• Show both training set and validation set performance trends in the same plot
• Show the typical performance at each hyperparameter via the average over multiple CV folds
• Communicate uncertainty around this typical value, by exposing the variation across the multiple CV folds

• A simple way to show uncertainty is show the empirical range across all folds, or the empirical standard deviation
• A better way to do this is show a separate dot for the direct performance of each fold (so 5 dots for 5 folds).

The big idea here is that your figure should help the reader understand if one hyperparameter is definitely better than another (e.g. performance is better on most or all folds) or if there isn't much difference.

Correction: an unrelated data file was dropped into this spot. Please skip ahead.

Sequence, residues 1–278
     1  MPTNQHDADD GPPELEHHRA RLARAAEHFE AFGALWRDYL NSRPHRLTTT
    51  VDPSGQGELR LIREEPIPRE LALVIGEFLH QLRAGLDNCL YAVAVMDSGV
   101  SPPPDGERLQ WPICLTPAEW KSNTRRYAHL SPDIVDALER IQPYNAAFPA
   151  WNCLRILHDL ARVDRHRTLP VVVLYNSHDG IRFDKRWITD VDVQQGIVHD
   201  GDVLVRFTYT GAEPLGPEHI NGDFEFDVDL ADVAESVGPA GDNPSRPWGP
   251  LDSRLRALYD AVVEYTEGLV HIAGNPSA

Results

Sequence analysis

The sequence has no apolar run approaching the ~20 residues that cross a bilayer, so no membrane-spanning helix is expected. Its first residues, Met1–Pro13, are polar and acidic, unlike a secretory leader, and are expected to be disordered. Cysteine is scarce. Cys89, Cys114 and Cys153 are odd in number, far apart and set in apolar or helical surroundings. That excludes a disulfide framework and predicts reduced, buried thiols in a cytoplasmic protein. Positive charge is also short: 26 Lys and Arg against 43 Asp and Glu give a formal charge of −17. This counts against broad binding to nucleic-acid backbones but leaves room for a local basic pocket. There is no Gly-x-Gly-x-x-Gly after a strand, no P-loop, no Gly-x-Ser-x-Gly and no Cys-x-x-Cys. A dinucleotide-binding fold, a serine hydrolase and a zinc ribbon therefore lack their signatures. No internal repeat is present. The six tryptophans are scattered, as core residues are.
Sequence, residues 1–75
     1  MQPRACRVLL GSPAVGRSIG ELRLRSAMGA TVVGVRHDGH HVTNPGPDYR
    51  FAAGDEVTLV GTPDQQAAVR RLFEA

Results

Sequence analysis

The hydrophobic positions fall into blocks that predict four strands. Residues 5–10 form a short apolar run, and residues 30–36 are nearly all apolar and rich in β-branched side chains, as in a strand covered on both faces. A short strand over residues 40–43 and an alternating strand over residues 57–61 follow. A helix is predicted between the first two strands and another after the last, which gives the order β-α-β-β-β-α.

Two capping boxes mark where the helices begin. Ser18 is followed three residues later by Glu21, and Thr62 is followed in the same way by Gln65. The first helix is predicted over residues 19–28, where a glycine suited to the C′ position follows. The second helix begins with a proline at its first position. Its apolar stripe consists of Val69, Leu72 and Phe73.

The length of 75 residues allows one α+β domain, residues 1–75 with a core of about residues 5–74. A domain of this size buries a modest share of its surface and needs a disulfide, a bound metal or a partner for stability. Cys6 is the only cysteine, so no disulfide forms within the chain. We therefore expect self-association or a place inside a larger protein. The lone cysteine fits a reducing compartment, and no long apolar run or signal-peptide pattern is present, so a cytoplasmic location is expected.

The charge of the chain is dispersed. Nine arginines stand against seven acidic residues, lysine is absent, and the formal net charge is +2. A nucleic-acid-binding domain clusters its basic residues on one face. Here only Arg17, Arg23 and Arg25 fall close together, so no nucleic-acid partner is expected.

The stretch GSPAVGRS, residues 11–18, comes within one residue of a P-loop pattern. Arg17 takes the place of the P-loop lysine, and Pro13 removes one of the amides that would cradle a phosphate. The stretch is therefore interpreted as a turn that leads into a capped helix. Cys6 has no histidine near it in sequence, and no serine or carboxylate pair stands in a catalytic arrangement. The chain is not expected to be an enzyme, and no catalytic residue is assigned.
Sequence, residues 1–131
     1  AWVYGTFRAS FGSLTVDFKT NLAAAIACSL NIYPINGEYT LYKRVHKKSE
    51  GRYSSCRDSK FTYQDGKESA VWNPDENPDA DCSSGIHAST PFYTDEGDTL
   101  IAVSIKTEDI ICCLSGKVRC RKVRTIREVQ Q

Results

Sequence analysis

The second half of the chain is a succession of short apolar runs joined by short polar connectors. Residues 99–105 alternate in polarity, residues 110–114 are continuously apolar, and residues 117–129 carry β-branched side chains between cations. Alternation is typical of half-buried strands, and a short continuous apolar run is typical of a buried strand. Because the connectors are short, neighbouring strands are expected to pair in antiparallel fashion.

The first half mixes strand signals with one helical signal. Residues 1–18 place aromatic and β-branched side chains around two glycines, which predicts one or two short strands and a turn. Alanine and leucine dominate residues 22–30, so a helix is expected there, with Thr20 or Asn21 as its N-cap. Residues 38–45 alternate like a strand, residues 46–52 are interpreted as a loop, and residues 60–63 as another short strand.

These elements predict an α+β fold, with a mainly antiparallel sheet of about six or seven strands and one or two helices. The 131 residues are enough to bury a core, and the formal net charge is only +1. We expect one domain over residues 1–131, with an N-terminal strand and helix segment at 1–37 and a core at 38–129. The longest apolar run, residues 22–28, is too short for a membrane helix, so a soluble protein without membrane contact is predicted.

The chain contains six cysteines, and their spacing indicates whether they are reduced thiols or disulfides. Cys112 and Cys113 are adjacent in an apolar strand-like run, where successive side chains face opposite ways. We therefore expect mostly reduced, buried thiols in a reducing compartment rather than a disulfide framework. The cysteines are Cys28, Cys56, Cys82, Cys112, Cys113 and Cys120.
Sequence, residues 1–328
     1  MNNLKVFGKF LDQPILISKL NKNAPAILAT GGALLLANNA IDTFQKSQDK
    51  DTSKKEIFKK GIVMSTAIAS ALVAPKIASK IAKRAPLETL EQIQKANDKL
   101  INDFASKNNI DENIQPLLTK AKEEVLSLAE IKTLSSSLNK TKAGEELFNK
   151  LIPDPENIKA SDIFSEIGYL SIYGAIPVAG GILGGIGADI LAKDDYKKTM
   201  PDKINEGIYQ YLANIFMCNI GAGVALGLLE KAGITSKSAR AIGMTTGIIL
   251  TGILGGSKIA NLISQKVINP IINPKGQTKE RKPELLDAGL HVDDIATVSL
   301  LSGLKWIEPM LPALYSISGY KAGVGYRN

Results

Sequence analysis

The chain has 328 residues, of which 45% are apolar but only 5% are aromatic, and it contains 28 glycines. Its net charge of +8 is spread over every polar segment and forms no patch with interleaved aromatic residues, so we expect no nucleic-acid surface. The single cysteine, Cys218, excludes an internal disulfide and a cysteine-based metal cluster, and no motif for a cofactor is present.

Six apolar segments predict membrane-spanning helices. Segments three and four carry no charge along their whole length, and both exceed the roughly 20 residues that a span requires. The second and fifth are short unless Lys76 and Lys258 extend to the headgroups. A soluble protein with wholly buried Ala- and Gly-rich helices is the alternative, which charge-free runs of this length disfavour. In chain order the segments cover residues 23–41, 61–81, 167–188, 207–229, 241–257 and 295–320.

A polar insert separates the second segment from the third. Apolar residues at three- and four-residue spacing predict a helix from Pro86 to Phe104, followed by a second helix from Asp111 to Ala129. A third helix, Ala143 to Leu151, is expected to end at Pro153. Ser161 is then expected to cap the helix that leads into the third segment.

#### Paragraph requirements:

In each paragraph where you describe training a classifier and selecting its hyperparameters to avoid overfitting, you should include

• 1-2 sentences: describe the potential advantages of the chosen classifier for the task at hand.
• 1-3 sentences: describe any necessary details about the training process (e.g. are there convergence issues? step-size selection issues? need for early stopping?)
• 1-2 sentences: describe which model complexity hyperparameter(s) were explored, how these values control model complexity, and why the chosen candidate value grids (or random distributions) are reasonable to explore the transition between under and over fitting and find the "sweet spot" in-between.
• 1-2 sentences: describe the results of the experiment: which hyperparameter is preferred? is the evidence decisive, or uncertain?